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 Map Dowsing Task 
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Post Map Dowsing Task
Map Dowsing Task

I'm trying to use geocaches as practice targets for map dowsing. The only information I had about the first geocache I targeted was that it was somewhere in Arizona, it's known as "Host Tree", its geocache code number is GC24YQB, and it was reported to have been visited and found to be there about three days before I dowsed for it.

I missed it by about 240 miles.

My Map:
Since I knew the target was in Arizona, I chose the DeLorme Arizona Atlas and Gazetteer for my search map. I began by opening the atlas to pages 38 and 39, a small scale (1:1,500,000) map on two pages of the whole state overlaid with a numbered grid corresponding to large scale (1:250,000) maps on other pages of the atlas.

My Plan:
Locate the target on the small scale map, then move to the corresponding large scale map for a more precise fix.

My Dowsing Tool:
I used a homemade pendulum made from a 3/8 oz. brass bullet shaped fishing weight with a nylon string through its center, dangling about 5 inches below the fingers of my right hand. I started by suspending the pendulum over a white reference card with black cross lines (+) on it and programmed for a left-right swing to indicate NO and a back and forth motion for YES.

My Task:
I wrote down the task as "Locate the Host Tree geocache (GC24YQB)". As a first step, I placed my left hand on the top half of the map and asked aloud "Is the 'Host Tree' cache in the northern half of the state?"

My pendulum swang to and fro over the reference card, indicating a YES. I placed my left hand on the bottom half of the map and asked "Is the 'Host Tree' cache in the southern half of the state?" The pendulum swang left and right over the card, indicating a NO.

I continued my questioning, using the same format: "Is the 'Host Tree' cache north of I-40?" "...south of I-40?" "...east of I-17?" Each time placing my left index finger on the map feature in the question while holding the pendulum over my reference card with my right hand. Eventually I narrowed it down to a little town east of Flagstaff called Winona. All of which is probably irrelevant, since I went astray from the very beginning. According to my feedback, the "Host Tree" geocache is near Childs, which is probably about as far south and west of the state's center as Winona is north and east of the state's center.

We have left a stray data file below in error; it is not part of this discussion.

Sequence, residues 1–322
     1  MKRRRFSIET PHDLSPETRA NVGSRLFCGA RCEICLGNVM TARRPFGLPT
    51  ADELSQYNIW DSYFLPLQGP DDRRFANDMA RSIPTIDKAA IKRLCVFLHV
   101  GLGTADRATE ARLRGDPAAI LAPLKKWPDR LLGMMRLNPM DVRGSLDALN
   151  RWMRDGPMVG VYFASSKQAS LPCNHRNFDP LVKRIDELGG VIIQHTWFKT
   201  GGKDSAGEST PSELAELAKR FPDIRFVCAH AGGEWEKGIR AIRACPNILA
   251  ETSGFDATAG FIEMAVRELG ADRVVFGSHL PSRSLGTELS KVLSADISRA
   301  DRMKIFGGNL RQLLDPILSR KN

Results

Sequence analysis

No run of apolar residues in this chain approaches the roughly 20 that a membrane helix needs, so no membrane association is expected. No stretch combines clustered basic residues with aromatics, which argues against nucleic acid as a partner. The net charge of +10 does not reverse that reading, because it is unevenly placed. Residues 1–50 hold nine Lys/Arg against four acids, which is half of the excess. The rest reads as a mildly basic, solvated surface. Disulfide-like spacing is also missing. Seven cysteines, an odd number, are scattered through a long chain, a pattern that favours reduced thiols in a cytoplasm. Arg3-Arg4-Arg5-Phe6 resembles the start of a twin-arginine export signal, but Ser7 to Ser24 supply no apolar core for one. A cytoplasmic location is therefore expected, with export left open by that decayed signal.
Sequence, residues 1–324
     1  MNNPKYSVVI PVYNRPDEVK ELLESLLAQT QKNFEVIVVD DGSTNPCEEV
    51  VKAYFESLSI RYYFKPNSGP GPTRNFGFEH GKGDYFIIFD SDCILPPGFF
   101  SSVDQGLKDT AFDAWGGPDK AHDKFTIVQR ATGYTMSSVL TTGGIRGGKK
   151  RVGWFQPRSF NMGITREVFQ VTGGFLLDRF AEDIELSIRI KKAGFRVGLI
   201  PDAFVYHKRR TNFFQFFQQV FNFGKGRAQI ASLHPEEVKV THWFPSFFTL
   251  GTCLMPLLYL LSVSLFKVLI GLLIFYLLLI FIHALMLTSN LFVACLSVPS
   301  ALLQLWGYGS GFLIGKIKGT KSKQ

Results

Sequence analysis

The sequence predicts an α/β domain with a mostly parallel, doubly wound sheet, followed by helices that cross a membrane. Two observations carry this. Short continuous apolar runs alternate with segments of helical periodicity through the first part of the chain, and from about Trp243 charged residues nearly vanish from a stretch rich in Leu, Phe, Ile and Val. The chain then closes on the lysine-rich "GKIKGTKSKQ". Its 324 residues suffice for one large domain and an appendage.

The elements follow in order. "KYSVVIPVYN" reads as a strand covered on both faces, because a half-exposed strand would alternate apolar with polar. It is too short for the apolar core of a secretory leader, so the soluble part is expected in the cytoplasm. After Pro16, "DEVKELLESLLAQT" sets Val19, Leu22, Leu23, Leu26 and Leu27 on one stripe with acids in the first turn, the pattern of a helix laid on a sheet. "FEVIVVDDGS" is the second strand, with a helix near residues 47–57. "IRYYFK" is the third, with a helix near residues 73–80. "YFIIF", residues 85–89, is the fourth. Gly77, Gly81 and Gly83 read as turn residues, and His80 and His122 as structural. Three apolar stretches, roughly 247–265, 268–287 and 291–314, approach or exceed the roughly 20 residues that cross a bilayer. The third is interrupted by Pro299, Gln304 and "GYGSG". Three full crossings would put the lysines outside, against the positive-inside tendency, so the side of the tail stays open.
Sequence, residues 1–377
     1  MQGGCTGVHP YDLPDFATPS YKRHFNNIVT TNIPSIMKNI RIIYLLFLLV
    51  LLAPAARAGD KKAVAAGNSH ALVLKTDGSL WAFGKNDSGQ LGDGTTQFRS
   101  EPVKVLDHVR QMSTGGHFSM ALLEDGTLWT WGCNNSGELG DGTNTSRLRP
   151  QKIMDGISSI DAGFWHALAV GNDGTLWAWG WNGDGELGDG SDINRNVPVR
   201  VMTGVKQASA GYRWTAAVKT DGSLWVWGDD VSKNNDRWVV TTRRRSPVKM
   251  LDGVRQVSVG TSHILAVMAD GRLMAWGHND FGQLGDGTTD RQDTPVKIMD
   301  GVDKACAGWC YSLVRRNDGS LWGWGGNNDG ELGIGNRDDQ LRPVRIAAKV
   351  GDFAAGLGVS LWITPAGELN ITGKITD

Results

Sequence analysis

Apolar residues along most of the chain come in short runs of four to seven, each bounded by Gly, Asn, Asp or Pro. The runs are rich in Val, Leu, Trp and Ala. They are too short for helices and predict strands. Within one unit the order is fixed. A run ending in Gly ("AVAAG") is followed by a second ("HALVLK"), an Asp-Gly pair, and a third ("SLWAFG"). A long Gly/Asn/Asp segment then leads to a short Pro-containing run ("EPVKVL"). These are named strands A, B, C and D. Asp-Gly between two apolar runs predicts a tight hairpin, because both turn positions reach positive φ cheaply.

The Questions:
Is there a major flaw in my task statement? Is there a major flaw in my procedure? Or can I just assume I myself was at fault?

Options I had also considered were dowsing the first map as a matrix, since it has a grid laid out on it, or moving a straightedge across the map vertically and then horizontally while watching for a pendulum response. But since the map covered two pages, with the north on one page and the south on the other, it seemed natural to break it down into north and south from the very beginning.

And my big question is about the validity of my task statement.

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Mon Mar 22, 2010 2:27 am
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Post Re: Map Dowsing Task
The last "map" I used was this compass rose:

Image

I tried dowsing from a regular map, but found it too distracting and requiring too much thinking. With the compass rose, I start from a reference point (the "last seen" position for a missing person) and dowse for direction and distance.

Then, I plot that on a regular map to get Latitude and Longitude of what we're trying to find.

I'm not very good at this, yet, probably because I'm not practicing everyday.